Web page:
43. Sarbazi, M. (2014). Involvement load hypothesis: Recalling unfamiliar words meaning by adults across genders. Procedia - Social and Behavioral Sciences, 98(1), 1686-1692. doi: 10.1016/j.sbspro.2014.03.594 [DOI:10.1016/j.sbspro.2014.03.594]
44. Shehata, A. K. (2008). L1 influence on the reception and production of collocations by advanced ESL/EFL Arabic learners of English. (Ph.D. Dissertation). Athens: OH: Ohio University.
45. Sinclair, J. (1991). Corpus, concordance, collocation. Oxford: Oxford University Press.
46. Soleimani, H., & Rahmanian, M. (2015). Visiting involvement load hypothesis and vocabulary acquisition in similar task types. Theory and Practice in Language Studies, 5(9), 1883-1889. http://www.academypublication.com/issues2/tpls/vol05/09/16.pdf [DOI:10.17507/tpls.0509.16]
47. Soleimani, H., & Rostami Abu Saeedi, A. (2016). The interaction between involvement load hypothesis evaluation criterion and language proficiency: A case in vocabulary retention. Iranian Journal of Applied Language Studies, 8(1), 173-194. [DOI:10.22111/IJALS.2016.3025]
48. Sung, J. (2003). English lexical collocations and their relation to spoken fluency of adult nonnative speakers (Ph.D. Dissertation). Indiana University of Pennsylvania.
49. Tahmasbi, M., & Farvardin, M. (2017). Probing the effects of task types on EFL learners' receptive and productive vocabulary knowledge: The case of involvement load hypothesis. SAGE Open, 7(3), 1-10. [DOI:10.1177/2158244017730596]
50. Tseng, W. T., & Schmitt, N. (2008). Toward a model of motivated vocabulary learning: A structural equation modeling approach. A Journal of Research in Language Studies, 58(2), 357-400. [DOI:10.1111/j.1467-9922.2008.00444.x]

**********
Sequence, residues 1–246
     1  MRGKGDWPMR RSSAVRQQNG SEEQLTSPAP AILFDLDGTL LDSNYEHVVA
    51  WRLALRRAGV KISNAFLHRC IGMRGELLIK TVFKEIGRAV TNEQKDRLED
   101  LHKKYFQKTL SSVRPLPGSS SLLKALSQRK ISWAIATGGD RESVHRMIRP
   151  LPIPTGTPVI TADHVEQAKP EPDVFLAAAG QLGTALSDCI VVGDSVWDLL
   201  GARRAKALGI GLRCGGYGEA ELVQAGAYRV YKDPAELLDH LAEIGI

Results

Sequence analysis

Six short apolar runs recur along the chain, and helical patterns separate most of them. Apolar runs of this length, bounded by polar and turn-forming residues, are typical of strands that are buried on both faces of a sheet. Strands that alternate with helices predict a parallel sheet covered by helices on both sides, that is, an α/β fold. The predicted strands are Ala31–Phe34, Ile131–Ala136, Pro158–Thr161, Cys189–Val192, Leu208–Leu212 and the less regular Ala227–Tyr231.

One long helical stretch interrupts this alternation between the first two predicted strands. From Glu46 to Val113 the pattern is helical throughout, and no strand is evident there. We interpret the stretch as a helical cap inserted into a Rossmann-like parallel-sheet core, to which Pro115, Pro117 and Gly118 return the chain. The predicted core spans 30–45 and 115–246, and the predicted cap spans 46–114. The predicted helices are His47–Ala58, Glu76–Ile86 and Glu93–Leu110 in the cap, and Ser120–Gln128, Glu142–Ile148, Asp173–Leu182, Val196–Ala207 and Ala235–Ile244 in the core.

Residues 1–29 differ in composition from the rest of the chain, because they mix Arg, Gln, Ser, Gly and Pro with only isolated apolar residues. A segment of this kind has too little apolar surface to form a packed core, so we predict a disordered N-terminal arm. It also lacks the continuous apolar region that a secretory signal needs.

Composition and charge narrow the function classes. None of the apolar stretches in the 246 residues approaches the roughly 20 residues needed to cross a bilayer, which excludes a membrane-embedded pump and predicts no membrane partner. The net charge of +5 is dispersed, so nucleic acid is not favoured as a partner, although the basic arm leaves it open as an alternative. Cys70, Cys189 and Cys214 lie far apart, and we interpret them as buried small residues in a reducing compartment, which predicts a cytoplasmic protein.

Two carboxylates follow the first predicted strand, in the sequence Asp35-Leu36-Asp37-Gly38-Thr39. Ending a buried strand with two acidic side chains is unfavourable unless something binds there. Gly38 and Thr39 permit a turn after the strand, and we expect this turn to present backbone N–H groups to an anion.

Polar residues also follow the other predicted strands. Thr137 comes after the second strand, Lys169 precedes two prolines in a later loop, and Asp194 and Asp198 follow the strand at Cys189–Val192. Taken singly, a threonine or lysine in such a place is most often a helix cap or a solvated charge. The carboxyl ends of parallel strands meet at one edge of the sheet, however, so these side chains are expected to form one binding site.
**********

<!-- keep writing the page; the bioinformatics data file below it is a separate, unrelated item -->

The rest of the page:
51. Van Polen, Z. (2014). The effects of task-induced involvement load and word exposure frequency on L2 incidental vocabulary learning through reading (Doctoral Dissertation). Universiteit Van Amsterdam.
52. Wray, A. (2012). Formulaic language and the lexicon. Cambridge: Cambridge University Press.
53. Wu, K. H. (2015). The effect of teaching collocations on the students' perceptions toward language learning. Studies in English Language Teaching, 3(3), 215-236. [DOI:10.22158/selt.v3n3p215]
54. Yaqubi, B., Rayati, R. A., & Allemzade Gorji, N. (2012). The involvement load hypothesis and vocabulary learning: The effects of task types and involvement index on l2 vocabulary acquisition. Journal of Teaching Language Skills (JTLS), 2(1), 145-163. https://citeseerx.ist.psu.edu/document?repid=rep1&type=pdf&doi=bbf9268c58c63238d30317bbb4423b7ec264d832
55. Zare, A., & Zare, F. (2016). A comparative analysis of collocation in Arabic English translations of the glorious Qur'an. The Journal of Applied Linguistics and Applied literature: Dynamics and Advances, 4(2), 115-128. http://dx.doi.org/10.22049/JALDA.2018.26177.1054
56. Zarei, A. A., & Mousavi, M. (2016). The effects of feedback types on learners' recognition of lexical collocations. International Journal of Applied Linguistics & English Literature, 5(2), 150-158. http://dx.doi.org/10.7575/aiac.ijalel.v.5n.2p.150 [DOI:10.7575/aiac.ijalel.v.5n.2p.150]
57. Zhang, Y., Lin, C., Zhang, D., & Choi, Y. (2017). Motivation, strategy, and English as a foreign language vocabulary learning: A structural equation modelling study. British Journal of Educational Psychology, 87(1), 57-74. http://dx.doi.org/10.1111/bjep.12135 [DOI:10.1111/bjep.12135]

Add your comments about this article : Your username or Email:
CAPTCHA

Send email to the article author


Rights and permissions
Creative Commons License This work is licensed under a Creative Commons Attribution-NonCommercial 4.0 International License.

© 2023 CC BY-NC 4.0 | International Journal of Research in English Education

Designed & Developed by : Yektaweb